The New Year is a time to reflect and look forward.
Traditionally, the new year is a time so many people look to the future and make those traditional “New Year’s Resolutions.” I tend to use this time to reflect on the past; not just the past 12 months, but the entirety of my past, looking for those things that surface that might be relevant to the issues I am facing today.
When Antonio espoused these words in the Tempest, he was of the mind that the past wasn’t important, only the future held greatness. While I believe in a bright future; unlike Antonio, I believe we can best shape that future by applying historical lessons learned.
An Indelible Memory
One of the most important memories that surfaced recently was a project I worked on over 25 years ago during my tenure in the Pennsylvania Department of Environmental Protection (PA DEP). Governor Tom Ridge, newly elected, appointed PA DEP Leadership, Jim Sief as Secretary and David Hess as Executive Deputy Secretary, both of whom were intent on demonstrating a better way of achieving environmental compliance. At the time, government transparency was an emerging concept. We were pioneers by creating in 1997 the nation’s first website showing every environmental facility inspection– air, water, waste, mining and more – and the results of those inspections (e.g., violations and enforcement actions) – the eFacts System.
The eFACTS System went on to win several awards, including the 1999 Council of State Government’s (CSG) Innovation Award. I had the honor of representing PA DEP in an oral presentation before the Awards committee at their national conference. In an odd twist of fate, CSG invited only a handful of nominees to the orals presentation and one of those was my husband, Kevin! Kevin was representing the PA PUC Electric Choice Program, which he ran. In the end, CSG selected DEP’s eFACTS system the winner and Kevin was a magnanimous runner-up.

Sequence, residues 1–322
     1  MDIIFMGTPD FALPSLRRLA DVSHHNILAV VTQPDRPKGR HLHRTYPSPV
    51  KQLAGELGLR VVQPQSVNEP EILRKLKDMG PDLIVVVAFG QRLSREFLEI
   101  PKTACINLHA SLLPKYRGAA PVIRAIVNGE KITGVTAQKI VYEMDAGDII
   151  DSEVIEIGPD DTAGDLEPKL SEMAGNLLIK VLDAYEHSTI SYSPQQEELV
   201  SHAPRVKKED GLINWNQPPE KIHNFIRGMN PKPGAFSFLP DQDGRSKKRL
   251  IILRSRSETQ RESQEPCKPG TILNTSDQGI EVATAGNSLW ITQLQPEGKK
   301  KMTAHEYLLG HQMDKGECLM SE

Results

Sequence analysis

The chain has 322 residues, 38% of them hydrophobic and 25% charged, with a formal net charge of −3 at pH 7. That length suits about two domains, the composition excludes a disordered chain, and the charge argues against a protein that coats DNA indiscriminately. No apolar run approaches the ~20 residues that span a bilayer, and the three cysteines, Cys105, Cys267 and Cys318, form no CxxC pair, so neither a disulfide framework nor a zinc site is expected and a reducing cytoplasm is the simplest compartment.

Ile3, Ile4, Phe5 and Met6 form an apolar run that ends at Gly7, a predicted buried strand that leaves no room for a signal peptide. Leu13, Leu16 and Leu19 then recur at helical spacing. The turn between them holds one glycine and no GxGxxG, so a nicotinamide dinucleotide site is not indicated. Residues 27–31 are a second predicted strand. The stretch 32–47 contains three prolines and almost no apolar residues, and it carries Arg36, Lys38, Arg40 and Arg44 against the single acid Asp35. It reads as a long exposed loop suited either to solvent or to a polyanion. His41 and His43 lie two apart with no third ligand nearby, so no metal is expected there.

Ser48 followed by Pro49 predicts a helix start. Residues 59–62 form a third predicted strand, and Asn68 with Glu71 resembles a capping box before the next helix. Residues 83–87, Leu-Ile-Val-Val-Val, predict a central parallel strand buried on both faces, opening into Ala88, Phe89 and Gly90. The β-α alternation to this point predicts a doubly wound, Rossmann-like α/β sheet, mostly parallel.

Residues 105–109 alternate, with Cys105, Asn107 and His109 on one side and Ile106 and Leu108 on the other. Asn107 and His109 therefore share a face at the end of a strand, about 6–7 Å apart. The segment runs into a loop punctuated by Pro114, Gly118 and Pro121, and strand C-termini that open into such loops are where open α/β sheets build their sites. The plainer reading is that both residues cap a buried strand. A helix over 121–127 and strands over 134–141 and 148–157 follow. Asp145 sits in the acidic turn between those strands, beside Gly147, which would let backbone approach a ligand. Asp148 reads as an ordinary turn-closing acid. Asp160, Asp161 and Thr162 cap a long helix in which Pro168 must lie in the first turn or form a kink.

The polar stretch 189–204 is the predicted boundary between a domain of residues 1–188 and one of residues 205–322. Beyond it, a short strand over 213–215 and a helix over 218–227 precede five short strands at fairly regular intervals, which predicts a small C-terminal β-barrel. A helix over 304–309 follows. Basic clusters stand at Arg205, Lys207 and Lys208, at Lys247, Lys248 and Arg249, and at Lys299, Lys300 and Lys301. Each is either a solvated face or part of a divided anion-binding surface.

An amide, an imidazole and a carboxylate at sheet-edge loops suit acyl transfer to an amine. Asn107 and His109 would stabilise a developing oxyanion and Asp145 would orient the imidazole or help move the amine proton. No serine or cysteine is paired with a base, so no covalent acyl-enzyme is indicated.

There is one reason I believe CSG selected eFACTS over other worthy innovations, and it’s based on a conversation that sticks with me today. After the orals, one of the committee members pulled me aside and told me she represents Woburn, MA in the state General Assembly. If that name rings a bell, you may have read the book A Civil Action, or perhaps seen the 1998 John Travolta movie of the same name, which is a true story about water contamination that caused a high prevalence of leukemia in the community. The legislator was a teacher in a local school when children started getting sick. She eventually decided to run for office to prevent something like this from ever happening again. She told me she believed that had a system like ours been in place in her state years earlier, it may have saved lives.
The Past Shapes the Future
This memory shapes my priorities and choices to this day. One year ago, I joined True Elements. I did so, in part because of that discussion 25 years ago. True Elements’ mission is to provide the deepest, clearest water intelligence possible, through easy-to-understand visualizations of current drinking and surface water conditions and water related climate risk. We want to help people more clearly understand water conditions in their localities so they can use that understanding to make more fully informed decisions about their water resources.
As the year unfolds, we will share more about how True Elements is helping executives, volunteers and public sector officials use state of the art water intelligence to make decisions. Follow True Elements to learn more about how you can leverage water intelligence to better understand water conditions and plan for a resilient, sustainable water future.
Chief Operating Officer, True Elements